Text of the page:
There follow a string of comments to the effect that the world is crap now compared to what it was in the 1950s. (I dissent. For starters, I can now have a blog. Nobody could have a blog in 1950. Also, I enjoy T20 cricket as well as the day-after-day-after-day version of cricket which was all they had back in 1950.)

It all makes a fascinating contrast to the equivalent efforts now being made to make cricket really, properly inclusive, in the form of pieces of writings like this, by ESPN’s Daniel Brettig, about all the micro-aggressions that non-white cricket people still have to put up with these days, but really, really should not have to.

Why I now focus on American politics rather that British politics

If, when I choose to bang on about politics here, I further choose to bang on about the USA’s presidential election now, rather than about British political matters now, well, that’s because there’s so much more at stake over there just now. Here in Britain, our Corbyn moment came, and went. Corbyn threatened to turn us into Venezuela, but then we voters sent him packing. Would a Starmerian Labour British government be that much more of a disaster than how the Boris Johnson regime is turning out? Hardly. So here, we’re now back to a world where they’re all as bad as each other, approximately speaking. I would still prefer Labour to lose every forthcoming election ever, but Labour in their current state, winning? I could live with that, as could many others of my inclination.

But in the USA everything is still to play for, for as long as the Democrats remain in thrall to their lunatic fringe of Woke-fascist wreckers of everything civilised. I have long hoped, and am actually now starting very tentatively to even think, that Kamala/Biden will get such a thrashing in the election now under way that the Democrats may then decide to mend their ways, much as Starmer is now mending the ways of Labour. But it has to be a thrashing. A modified dead heat like last time won’t suffice. A lot of normals must change their minds in a way that the Democrats won’t be able to ignore. That happened in the recent election in Britain, and it changed everything.

The above paragraphs began life as the intro to something more specific about the US elections, but that didn’t work out. Also, I am off to the laundrette. More later, I hope.

Meanwhile, I did enjoy this.

The rise of global political parties?

I see that Brazil’s President Bolsonoro has been having a go at what Joe Biden said in the US Presidential debate, about Brazil and its rain forests and what he, Joe Biden, was going to do about them.

I am antique enough to remember when only Bolsheviks would plunge into what were then called “the internal affairs” of foreign countries. I suppose the EU was a big old exception to that rule, but that was only in a rather abstract and windy sort of way. Trouble is, modern communications, and I don’t just mean the internet although that is certainly part of this story, make such self-control ever more impossible. Thanks to the electric telegraph, and now its big bully of an offspring, the internet, it is the work of a moment to become acquainted with an argument in a far away country, and now, no matter who you are, you can join in. So, the idea that nobody should is doomed. Gonna happen. Just pick up a phone and start mouthing off to some foreign journo, and if you’re anyone at all big in the cheese department, they print it, or something related to it. Or, just say something about a foreign country shindig in one of your public performances, and those foreigners will maybe pick up on it anyway. Now, just sit down at your keyboard and bang away.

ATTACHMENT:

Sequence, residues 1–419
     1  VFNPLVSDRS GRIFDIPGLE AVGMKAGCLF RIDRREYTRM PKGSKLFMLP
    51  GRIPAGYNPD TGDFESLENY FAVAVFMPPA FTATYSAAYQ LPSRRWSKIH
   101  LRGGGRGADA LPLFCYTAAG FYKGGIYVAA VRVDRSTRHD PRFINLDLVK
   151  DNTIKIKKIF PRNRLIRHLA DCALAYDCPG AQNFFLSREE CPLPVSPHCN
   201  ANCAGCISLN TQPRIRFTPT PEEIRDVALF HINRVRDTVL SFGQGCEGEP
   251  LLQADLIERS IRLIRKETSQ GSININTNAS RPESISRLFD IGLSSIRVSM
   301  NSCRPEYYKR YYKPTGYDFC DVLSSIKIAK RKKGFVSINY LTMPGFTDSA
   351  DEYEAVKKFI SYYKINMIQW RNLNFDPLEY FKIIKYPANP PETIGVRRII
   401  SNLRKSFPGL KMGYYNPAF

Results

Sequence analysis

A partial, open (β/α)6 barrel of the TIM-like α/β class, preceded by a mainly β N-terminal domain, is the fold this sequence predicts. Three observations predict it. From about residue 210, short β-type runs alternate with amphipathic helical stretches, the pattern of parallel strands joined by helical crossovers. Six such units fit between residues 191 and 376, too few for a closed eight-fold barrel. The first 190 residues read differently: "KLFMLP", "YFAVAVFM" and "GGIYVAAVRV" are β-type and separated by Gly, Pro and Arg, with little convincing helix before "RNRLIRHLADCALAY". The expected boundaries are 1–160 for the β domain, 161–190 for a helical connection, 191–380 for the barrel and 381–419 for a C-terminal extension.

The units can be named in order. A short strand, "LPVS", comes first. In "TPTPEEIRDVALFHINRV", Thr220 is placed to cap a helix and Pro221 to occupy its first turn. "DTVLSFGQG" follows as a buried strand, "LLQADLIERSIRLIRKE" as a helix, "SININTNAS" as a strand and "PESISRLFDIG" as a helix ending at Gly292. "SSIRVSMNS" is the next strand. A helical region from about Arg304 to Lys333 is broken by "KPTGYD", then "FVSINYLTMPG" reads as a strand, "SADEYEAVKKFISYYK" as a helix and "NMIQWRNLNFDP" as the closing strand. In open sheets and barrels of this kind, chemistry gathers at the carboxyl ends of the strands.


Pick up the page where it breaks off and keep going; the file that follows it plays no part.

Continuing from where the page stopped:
Communists, as I say, have been doing this ever since they got started in the middle of the century before last, during the first few years after the electric telegraph got started (Samuel Morse – 1844). Said the communists, contemplating this latest technological wonder: Workers (which was almost everyone in those days) of the World Unite! And from them on, whether in office or merely trying to be powerful, in public, in private and in the strictest secrecy, they interfered as much as they could in the internal affairs of other countries and they gloried in it. I mean, that was the whole idea.

Towards the end of the nineteenth century, however, the world did not abandon nationalism. Quite the reverse. As it turned out, the most important customers of those international electric telegraphs were newspapers, who were printing strictly national versions of world events to suit their strictly national readerships, and businessmen, who didn’t much care and who just want to get rich.

So, towards the end of the twentieth century, most politicians were still going through the motions of not being too public in their disagreements or (perhaps more interestingly) their agreements with politicians in faraway countries. Who the people of The Republic of Elsewhere choose as their leaders is a matter for them, and we will work amicably with whoever they choose, for the greater good of mankind. Blah blah. In private it got more heated, but in public that was the etiquette to be followed, and it mostly was.

Maybe it’s only my personal proximity speaking now, but I’d say that the Reagan Thatcher moment was when this hands-off-the-foreigners rule started being seriously put to one side. Those two made no secret of the fact that the warmth of their connection was not just based on him being President of the USA and her being PM of the UK, special relationship, blah blah. No, they downright agreed with each other, and by clear implication, wanted each other to win all their various elections, against other locals, with whom they clearly disagreed. It helped that all this happened within the Anglosphere.